"We'll have to," Ophelia tells me, nodding lightly. "She moved away from Lacome Cove after everything that happened with Marie, but I'm sure she'll be willing to help if it's you."

Then Ophelia patted my hand and moved on to eat her donut.

I said goodbye to Ophelia and headed over to The Mean Bean to work my shift. It was a fairly uninteresting couple of hours. I rung customers up, I prepared orders, sometimes I went into the kitchen and helped the chef—a stocky man with wisps of white hair who laughed at the weirdest jokes. Mostly, I kept an ear pressed to the conversations that had to do with the missing girls. I heard many people expressing fear and pity over the whole thing. Only the older customers recalled what happened years before, and I listened to them wonder if they'd ever find the girls or if it would take ten years to find them like it had last time.

Mindy came bouncing over to me after the store had closed and all of the works—save for the two of us—had gone home.

"I've wiped down the tables and checked everything in the back. Can I ask you to close up?" She dangled the shop key in front of me, giving me puppy-dog eyes.

"Sure," I said, half-sighing and half-laughing.

"Thanks, hon." She kissed me on my cheek and, as she swung her purse onto her shoulder, she said, "If there's anything you want from the display case, have at it. George prefers to make the day's pastries from scratch anyway." Then she waved, opened the door—the bell on top of the door that alerted us a customer had entered jingled as she did—and headed to her car.

Once she was gone, I rechecked the inventory to make sure we didn't need to purchase anything else. Seeing that we didn't, I prepared to leave. I swung on my jacket, grabbed a couple of cookies, and checked the new phone I'd bought from a small store in town that sold gently used electronics briefly. I realized that my Facebook—which I haven't used in years and the only reason I logged into it was to keep track of any offers I may have gotten from anyone interested in my work and friends who still utilized Facebook in their everyday lives—had a new message.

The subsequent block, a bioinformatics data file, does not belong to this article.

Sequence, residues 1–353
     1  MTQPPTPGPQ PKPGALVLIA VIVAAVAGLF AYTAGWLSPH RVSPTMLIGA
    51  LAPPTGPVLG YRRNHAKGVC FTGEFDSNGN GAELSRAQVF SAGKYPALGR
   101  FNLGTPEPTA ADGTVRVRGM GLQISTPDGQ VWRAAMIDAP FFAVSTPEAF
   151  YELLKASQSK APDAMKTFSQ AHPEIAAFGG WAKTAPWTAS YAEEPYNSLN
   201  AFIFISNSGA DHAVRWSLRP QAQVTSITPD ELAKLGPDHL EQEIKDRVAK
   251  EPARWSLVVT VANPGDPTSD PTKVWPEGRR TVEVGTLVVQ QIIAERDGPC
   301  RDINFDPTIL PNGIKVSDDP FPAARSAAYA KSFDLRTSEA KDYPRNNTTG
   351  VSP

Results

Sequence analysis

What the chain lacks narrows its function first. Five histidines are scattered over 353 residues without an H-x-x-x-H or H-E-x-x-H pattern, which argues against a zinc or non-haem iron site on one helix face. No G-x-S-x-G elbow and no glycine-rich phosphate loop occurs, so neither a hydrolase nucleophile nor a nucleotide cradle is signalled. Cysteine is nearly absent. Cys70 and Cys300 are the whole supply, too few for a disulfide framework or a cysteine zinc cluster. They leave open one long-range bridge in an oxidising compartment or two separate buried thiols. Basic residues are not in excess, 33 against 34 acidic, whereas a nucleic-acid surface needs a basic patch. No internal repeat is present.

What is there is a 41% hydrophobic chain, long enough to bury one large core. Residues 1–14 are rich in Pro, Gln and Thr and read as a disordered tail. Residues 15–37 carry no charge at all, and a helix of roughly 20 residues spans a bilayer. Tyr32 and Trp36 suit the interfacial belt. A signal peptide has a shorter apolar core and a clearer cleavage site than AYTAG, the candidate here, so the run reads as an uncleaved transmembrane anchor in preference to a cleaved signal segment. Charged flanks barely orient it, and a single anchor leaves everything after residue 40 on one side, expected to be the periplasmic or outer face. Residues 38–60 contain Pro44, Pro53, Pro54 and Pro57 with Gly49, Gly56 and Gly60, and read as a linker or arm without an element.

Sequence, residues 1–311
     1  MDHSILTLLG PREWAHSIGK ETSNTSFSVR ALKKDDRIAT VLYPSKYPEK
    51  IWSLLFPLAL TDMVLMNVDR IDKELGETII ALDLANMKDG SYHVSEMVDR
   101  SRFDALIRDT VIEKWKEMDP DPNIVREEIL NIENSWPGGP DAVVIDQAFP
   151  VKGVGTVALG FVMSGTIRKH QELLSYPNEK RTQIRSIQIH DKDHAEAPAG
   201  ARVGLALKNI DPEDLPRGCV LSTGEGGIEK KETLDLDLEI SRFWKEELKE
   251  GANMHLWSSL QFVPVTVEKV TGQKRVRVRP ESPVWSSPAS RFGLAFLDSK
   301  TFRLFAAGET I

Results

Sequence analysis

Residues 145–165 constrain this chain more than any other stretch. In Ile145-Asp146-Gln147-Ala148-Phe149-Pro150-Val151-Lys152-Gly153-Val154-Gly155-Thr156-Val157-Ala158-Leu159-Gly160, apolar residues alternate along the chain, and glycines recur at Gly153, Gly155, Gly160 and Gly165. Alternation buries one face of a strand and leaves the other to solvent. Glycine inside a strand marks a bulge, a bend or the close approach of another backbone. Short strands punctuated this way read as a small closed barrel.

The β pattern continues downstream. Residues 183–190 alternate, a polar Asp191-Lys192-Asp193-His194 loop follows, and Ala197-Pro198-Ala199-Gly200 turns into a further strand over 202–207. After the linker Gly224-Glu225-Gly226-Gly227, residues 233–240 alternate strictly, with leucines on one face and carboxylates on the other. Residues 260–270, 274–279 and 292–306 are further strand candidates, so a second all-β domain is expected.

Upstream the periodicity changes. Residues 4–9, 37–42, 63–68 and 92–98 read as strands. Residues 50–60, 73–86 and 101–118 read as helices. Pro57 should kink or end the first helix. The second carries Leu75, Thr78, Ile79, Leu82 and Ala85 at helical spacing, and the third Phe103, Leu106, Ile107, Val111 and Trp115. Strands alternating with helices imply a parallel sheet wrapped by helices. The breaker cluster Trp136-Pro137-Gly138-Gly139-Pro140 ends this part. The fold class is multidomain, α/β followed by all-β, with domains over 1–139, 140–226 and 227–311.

My eyebrows pulled together and I stopped right in front of the door to read the message. One hand had opened the door to The Mean Bean—cold wind and drops of rain swayed toward me, but I was too curious to close the door. With my free hand, I clicked on the icon to read the message, wondering who it could be. Although many of my friends still used the app, it was rare for one of them to contact me on it. Since running away from Damien, I procured other ways to contact my friends, and I created a KakaoTalk and had given them my info so they could talk to me there if they wanted to. Had I missed someone? Were they worried because they hadn't heard from me in some time?

For about thirty seconds I felt kind of shitty. I had been sure I'd sent my KakaoTalk information to all of my close friends. Who had I forgotten?

However, once I read the message, my blood ran cold and my hand on the door became slack, the door slipped right out of my hands.

I see you bought a bus ticket to Maine. I'm thinking about making a stop. I'd hoped you'd come straight home after you got my present, but I see my time away has given you poor manners. You can't hide forever, baby.

With shaking hands, I delete the message and open the door violently, locking up the shop once I'm outside. My heart is thudding in my ears as I repeat, Fuck, fuck, fuck in my mind over and over again. I knew that I shouldn't be so afraid of Damien after everything that I'd learned. Angels existed, Dragons were kidnapping girls, and Vampires would be waking soon. And yet, somehow, Damien terrified me more than any Dragon or Vampire ever could. He had done a number on me, that was for sure.